Regenerative Organic Cotton crop

The Regenerative
Organic Cotton Pilot Project

In order to help reverse climate change and make a positive impact, we are co-creating with WWF the first regenerative organic cotton farm in Turkey.


The modern agricultural system is broken.

Areas of land all over our earth have been eroded and destroyed from monocultural farming and by harmful agricultural practices like deep-tilling and excessive chemical use. These practices have left areas barren, waterways polluted, and communities in danger.

It’s also contributing to climate change, as areas of land that once drew down carbon from our atmosphere are now releasing more carbon than they store. Together, we can take action against climate change by implementing more responsible agricultural practices.

Follow our progress
Damaged soil quality
Fig. 1 Damaged soil quality
Dried-out waterways
Fig. 2 Dried-out waterways
Extensive pesticide use
Fig. 3 Extensive pesticide use
Dried-out cotton field
Fig. 4 Dried-out cotton field
Non-usable cotton harvest
Fig. 5 Non-usable cotton harvest

How does regenerative farming work?

Here’s a quick overview of how regenerative farming works. By adopting these measures, we can support the development of healthy soil and waterways.

Plant Cover Crops
Plant Cover Crops

Protecting the soil by planting cover crops increases organic matter in the soil and enables better water management. When the soil is healthy, more carbon can be drawn down from the atmosphere.

No Deep Tilling
No Deep Tilling

Deep tilling disturbs soil structure and microbial growth. Over time, this can completely destroy soil quality, which results in fewer amounts of carbon being drawn down from the atmosphere.

Compost Systems
Compost Systems

Increasing the population, diversity and protection of microbiomes in the soil can also be achieved by developing smart compost systems, resulting in better soil health and carbon drawdown from the atmosphere.

Plant Perennials
Plant Perennials

By planting perennials, otherwise known as plants that won't be harvested annually, the roots will have a chance to establish themselves, microbial activity in the soil will increase, and this will result in better carbon drawdown.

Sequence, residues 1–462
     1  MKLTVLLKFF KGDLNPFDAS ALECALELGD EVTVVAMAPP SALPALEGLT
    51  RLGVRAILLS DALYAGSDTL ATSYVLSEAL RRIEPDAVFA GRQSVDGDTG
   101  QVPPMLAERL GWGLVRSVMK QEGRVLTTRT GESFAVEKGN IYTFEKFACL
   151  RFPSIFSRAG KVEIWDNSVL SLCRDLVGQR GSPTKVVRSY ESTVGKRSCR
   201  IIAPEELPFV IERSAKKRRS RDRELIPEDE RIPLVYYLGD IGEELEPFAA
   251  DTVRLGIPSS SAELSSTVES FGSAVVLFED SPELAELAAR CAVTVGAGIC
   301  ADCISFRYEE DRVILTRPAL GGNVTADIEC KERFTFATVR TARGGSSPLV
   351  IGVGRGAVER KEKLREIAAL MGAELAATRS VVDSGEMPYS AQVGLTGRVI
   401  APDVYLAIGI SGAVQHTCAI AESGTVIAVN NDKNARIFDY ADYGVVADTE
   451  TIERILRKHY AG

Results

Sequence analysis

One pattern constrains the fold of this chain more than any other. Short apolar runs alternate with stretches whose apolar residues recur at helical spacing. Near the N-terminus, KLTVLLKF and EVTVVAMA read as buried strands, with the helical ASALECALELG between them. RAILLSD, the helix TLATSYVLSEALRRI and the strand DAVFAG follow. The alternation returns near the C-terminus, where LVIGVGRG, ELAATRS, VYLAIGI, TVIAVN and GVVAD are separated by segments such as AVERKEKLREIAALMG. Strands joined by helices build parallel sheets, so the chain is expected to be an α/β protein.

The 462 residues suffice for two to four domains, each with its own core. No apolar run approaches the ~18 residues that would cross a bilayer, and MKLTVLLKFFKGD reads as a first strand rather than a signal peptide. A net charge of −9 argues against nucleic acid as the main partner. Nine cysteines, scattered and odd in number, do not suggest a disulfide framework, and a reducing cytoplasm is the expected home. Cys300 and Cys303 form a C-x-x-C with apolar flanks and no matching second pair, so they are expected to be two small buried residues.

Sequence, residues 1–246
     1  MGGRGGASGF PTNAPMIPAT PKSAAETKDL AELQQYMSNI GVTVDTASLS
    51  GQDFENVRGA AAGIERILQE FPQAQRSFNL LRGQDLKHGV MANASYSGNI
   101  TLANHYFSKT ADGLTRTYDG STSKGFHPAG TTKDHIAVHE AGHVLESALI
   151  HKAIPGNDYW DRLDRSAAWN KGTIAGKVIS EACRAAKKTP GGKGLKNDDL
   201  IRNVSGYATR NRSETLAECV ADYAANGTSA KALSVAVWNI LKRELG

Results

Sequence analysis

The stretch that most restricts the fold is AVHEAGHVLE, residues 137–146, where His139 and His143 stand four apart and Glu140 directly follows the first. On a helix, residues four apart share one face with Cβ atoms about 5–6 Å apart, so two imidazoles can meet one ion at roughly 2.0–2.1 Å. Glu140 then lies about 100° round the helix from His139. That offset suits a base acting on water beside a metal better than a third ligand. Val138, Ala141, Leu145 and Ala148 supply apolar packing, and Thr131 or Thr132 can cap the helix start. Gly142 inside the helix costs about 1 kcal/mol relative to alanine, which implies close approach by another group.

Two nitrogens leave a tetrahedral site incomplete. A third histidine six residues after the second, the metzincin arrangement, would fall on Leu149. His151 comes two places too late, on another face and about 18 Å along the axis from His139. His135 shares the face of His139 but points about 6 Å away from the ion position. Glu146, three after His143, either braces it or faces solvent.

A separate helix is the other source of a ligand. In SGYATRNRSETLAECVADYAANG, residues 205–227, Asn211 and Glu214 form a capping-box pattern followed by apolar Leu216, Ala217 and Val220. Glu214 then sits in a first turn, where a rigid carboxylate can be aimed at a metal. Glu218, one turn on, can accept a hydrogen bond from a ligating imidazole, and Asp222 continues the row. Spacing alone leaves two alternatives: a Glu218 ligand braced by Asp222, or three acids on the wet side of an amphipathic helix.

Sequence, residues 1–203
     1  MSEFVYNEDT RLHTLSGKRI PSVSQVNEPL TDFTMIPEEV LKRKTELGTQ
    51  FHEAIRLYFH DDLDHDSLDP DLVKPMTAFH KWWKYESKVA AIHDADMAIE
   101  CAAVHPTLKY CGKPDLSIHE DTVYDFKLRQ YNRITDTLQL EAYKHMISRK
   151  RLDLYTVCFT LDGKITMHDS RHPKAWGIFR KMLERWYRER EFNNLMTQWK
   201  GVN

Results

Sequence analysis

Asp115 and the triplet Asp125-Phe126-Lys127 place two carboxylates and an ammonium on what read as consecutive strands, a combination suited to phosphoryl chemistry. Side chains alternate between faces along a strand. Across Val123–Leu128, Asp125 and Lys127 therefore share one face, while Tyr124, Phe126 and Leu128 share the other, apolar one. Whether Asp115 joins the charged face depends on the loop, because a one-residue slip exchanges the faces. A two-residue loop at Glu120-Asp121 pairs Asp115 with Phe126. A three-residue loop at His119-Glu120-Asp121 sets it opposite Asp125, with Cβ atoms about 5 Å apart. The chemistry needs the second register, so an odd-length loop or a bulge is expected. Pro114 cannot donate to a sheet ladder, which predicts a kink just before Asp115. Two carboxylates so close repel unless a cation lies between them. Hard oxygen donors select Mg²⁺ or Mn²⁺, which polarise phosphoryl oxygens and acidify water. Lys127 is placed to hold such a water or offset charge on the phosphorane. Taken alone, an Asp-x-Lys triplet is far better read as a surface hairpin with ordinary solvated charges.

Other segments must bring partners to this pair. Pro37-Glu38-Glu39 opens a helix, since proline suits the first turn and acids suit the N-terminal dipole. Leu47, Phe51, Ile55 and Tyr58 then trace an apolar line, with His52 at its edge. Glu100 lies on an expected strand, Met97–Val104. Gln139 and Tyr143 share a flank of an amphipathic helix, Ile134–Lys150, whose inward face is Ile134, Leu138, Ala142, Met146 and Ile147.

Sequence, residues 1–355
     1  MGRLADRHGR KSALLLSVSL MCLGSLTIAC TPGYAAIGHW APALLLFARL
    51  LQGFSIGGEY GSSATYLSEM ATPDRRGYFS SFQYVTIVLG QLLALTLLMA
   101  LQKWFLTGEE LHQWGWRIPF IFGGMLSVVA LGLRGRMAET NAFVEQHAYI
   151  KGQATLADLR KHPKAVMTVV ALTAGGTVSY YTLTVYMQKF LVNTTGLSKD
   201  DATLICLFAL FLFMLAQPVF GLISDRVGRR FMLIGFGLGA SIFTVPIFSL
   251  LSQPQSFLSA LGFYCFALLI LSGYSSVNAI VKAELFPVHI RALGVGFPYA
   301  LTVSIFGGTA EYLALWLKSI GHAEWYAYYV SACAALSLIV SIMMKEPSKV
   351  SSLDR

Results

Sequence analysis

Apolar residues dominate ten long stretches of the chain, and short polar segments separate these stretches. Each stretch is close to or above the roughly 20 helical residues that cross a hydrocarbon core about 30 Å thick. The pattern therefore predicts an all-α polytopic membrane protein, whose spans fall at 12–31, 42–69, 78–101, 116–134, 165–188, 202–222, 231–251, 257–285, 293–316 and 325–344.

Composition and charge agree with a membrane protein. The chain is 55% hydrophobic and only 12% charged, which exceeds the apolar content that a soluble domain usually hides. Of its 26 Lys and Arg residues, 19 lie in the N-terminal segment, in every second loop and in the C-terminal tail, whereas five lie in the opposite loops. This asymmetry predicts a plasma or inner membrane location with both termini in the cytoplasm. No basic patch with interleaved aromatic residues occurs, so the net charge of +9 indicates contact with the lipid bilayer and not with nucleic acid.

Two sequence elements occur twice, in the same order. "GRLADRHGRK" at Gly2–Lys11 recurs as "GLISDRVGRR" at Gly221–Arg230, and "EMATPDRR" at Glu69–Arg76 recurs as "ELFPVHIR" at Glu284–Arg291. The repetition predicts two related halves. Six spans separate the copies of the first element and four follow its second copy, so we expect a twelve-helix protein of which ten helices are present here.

Integrated Pest Management Systems
Integrated Pest Management Systems

Eliminating or reducing the use of pesticides can be done by integrating other forms of pest management systems, enabling better soil health.


Let’s change the way cotton is grown.

Regenerative farming uses a holistic set of practices to improve the quality of the soil and the nature around it. It’s rooted in a traditional and indigenous approach, where healthier practices like no deep-tilling, perennial and cover crop planting, integrated pest management and composting are given priority over a short term yield.

By prioritizing these practices the soil and water provides a healthier, longer-term farming solution, and an area of land that can draw down carbon from our atmosphere.

Freshly harvested cotton
Fig. 1 Freshly harvested cotton
A look at healthy regenerative cotton plants
Fig. 2 A look at healthy regenerative cotton plants
Gökçe from WWF® Turkey inspecting a cotton branch
Fig. 3 Gökçe from WWF® Turkey inspecting a cotton branch
Ali at his farm in Turkey
Fig. 4 Ali at his farm in Turkey
Cotton quality ready for harvest at Ali's farm
Fig. 5 Cotton quality ready for harvest at Ali's farm

Germencik, Turkey

The project will take place just outside the town of Germencik, Turkey. It’s a 78 ha piece of land growing organic cotton and Alfa Alfa, a perennial plant grown for animal feed and known for its ability to enrich nitrogen content in the soil.

The farm is leased by Ali, an organic cotton farmer selling his crop to the cotton trading company, Akasya Tarım. Ali will begin by converting 3 ha of cotton farmland into regenerative farming practices.

Germencik, Turkey

Q&A w. Gökçe
from WWF® Turkey

About Regenerative
Organic Cotton